The passing of the informal deadline set off a flurry of advisories from election officials and posts on social media encouraging voters who had yet to postmark their ballots to instead drop them off at voting centers — or consider voting in person.Millions of mail ballots have not been returned as window closes for Postal Service delivery|Derek Hawkins, Jacob Bogage|October 28, 2020|Washington Post
The most vulnerable informal workers and small businesses have been hit the hardest.
Seeing the players with their families and friends, and seeing the commissioner in a more informal fashion — I think it worked.In the pandemic era, NFL teams are leveraging Twitter to connect with fans|Twitter|October 22, 2020|Digiday
At best, Grimes is informally shooting trap, which features only one target-launching device.Alison Lundergan Grimes’s New TV Ad Is One Big Gun Gaffe|Tim Mak|September 16, 2014|DAILY BEAST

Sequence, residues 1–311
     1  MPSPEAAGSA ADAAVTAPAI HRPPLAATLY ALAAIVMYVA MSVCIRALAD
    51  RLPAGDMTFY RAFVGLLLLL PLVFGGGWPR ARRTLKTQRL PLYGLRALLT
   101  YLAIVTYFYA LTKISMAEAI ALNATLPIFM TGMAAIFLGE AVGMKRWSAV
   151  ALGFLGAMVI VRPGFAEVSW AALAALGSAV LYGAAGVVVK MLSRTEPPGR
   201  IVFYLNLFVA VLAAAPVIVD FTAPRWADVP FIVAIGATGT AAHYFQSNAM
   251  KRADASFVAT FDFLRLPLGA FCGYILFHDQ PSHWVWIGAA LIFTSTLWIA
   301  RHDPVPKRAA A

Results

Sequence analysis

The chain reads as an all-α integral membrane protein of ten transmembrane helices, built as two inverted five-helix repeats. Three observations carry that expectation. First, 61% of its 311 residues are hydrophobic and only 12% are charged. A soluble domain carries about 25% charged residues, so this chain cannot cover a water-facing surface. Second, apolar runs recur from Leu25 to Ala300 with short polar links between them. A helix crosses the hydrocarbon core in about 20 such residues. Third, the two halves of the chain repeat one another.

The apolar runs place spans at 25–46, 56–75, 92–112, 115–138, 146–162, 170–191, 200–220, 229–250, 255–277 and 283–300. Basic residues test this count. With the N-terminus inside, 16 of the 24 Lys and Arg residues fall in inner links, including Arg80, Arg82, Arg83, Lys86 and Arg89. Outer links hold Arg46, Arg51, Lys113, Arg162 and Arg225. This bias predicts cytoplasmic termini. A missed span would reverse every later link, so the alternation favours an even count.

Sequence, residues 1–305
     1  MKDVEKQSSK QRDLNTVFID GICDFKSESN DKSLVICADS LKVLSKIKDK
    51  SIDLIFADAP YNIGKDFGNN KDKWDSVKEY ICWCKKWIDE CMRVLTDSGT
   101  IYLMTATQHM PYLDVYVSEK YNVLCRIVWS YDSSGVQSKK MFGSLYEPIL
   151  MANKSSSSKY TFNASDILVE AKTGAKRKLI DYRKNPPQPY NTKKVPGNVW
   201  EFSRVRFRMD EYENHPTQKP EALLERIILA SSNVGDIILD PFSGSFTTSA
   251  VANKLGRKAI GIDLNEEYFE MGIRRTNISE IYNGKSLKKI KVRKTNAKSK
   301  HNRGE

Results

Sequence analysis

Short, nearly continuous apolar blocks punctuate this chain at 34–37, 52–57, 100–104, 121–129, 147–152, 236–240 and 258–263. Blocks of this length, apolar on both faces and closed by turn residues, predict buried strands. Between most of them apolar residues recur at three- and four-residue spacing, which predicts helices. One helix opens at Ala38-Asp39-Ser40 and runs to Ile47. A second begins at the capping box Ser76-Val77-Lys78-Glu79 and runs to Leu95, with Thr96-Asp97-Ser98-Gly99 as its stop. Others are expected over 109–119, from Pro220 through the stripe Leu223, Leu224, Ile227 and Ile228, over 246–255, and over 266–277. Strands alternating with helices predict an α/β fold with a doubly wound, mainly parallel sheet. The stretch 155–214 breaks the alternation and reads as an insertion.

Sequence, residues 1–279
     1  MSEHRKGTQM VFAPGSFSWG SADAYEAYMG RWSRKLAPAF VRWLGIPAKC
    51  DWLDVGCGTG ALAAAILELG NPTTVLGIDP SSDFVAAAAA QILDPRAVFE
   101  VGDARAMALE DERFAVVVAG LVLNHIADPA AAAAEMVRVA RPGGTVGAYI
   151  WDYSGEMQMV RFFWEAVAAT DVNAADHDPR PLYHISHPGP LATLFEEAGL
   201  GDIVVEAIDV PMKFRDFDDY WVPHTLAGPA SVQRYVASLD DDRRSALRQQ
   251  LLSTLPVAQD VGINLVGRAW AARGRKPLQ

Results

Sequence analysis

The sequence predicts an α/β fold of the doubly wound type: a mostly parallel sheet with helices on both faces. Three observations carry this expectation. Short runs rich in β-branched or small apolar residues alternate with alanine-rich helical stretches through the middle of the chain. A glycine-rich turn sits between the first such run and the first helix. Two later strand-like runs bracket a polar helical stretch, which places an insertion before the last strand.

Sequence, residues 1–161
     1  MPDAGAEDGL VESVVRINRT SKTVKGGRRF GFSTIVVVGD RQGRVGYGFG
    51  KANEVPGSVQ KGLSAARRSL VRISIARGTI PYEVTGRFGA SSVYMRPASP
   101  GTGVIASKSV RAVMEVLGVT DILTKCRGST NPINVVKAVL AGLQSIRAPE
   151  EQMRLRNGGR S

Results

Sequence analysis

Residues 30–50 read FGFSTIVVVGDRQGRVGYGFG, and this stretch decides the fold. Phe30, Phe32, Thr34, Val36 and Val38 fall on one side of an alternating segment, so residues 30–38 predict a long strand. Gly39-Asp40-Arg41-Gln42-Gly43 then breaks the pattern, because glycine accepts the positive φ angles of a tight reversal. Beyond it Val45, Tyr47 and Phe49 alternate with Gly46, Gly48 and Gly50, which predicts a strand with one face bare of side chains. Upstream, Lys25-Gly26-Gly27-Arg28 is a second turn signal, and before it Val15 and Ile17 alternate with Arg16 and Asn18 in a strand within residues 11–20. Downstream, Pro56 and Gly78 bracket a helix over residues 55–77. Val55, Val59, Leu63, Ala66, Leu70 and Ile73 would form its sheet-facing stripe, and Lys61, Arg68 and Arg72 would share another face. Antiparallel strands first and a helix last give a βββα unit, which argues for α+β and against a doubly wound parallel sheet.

Once in London, Frederick presented himself as a fashionable man about town, entertaining freely and informally.
The couple who raised Maria claimed she was informally adopted from a mother who could not cope.Roma Face Persecution Across Europe In New Baby Stealing Panic|Tom Sykes, Barbie Latza Nadeau|October 24, 2013|DAILY BEAST
The Manhassets, who were native to the region, were also enslaved, but “more informally,” Griswold said.
Schmitt watched English-language movies, and sought out a native speaker to converse with informally.
She shook hands approvingly with the young American and asked her to come over informally to luncheon on the morrow.Ancestors|Gertrude Atherton
When the Committee rose Sir Michael engaged me, informally, in conversation for a little while.
Nicolas Francken if the evidence showed him to have been guilty of any of the crimes informally alleged against him.
They attended church with exemplary formality, and flirted informally during service with the village beaux.Tales of the Argonauts|Bret Harte
However informally the preliminaries had been conducted, the conclusion seemed to be eminently satisfactory.Love in a Cloud|Arlo Bates